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On 04/29/2011 11:33 AM, e-letter wrote:
Not sure that a web forum suddenly makes the use of LO more appealing
to "non-geeks"

What's wrong with reading mailing list messages in digest mode and
going to the searchable archive as and when appropriate.

Has the been a poll on mailing list against forum?

Regardless of the result, "non-geeks" should be encouraged to
understand the benefits of a mailing list, similarly to explaining LO
compared to m$o...

I don't know of any scientific studies on the matter, unfortunately. Speaking from anecdotal evidence, though, mailing lists tend to be attached to open source and other techie projects, or to niche groups that are too small to justify setting up a web forum. Otherwise web forums dominate. Larger open source projects tend to have both forums (for the general userbase) and mailing lists (for the more technically oriented crowd of users and for those working directly on the project), bearing out my (admittedly unscientific) observation.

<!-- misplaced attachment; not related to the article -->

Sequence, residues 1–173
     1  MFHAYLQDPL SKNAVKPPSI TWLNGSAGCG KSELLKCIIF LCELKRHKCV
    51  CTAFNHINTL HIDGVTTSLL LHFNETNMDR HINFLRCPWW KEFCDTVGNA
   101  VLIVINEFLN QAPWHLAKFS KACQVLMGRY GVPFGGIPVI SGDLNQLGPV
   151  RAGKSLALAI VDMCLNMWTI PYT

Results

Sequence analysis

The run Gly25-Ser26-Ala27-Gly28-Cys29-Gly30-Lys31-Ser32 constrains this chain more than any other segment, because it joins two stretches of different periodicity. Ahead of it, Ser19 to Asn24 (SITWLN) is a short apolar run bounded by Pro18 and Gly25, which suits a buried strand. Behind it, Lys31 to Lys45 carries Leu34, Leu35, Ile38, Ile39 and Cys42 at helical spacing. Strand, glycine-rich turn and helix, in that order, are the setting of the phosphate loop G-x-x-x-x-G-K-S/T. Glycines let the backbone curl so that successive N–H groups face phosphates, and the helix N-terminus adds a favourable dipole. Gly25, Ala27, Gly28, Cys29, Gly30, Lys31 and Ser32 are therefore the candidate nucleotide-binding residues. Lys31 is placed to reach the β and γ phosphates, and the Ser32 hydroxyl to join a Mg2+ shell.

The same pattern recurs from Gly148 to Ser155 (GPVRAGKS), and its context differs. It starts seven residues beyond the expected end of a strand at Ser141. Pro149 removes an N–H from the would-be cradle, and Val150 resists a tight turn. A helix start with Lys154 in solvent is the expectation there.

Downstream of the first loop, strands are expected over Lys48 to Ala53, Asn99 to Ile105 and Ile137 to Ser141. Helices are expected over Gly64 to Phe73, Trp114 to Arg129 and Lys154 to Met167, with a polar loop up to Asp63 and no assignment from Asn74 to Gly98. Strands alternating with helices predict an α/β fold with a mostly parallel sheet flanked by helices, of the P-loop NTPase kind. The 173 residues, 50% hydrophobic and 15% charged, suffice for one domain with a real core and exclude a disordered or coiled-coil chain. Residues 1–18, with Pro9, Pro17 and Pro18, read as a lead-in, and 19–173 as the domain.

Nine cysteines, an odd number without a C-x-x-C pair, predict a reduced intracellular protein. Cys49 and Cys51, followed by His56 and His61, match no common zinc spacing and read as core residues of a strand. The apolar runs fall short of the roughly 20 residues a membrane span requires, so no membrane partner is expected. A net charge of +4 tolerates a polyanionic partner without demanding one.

I think this is because mailing lists have a higher barrier to entry. You need to subscribe to them to experience them the way they ought to be experienced. The archives are very bare bones and don't thread the conversations (which is also why I don't like digest mode; I want messages grouped according to subject, not the day they were sent, and I prefer it done three-dimensionally like Thunderbird's threading does). Okay, the ones do do threading, but they still only display only one message at a time (unlike a web forum) and you have to use the mouse to go forward and back, unlike in Thunderbird where you can navigate with the keyboard very adroitly.

I much prefer my mailing list setup to any forum, but that's part of the problem: it's my setup. A user's experience with a mailing list depends heavily on what that user brings to the table. With a web forum, it'll be the same for everyone who isn't using an ancient browser. Making the general office software-using populace learn to love mailing lists in order to discuss and get help with LibreOffice problems seems to be a totally unnecessary increase in LibreOffice's barrier to entry.

Isaac Hummel

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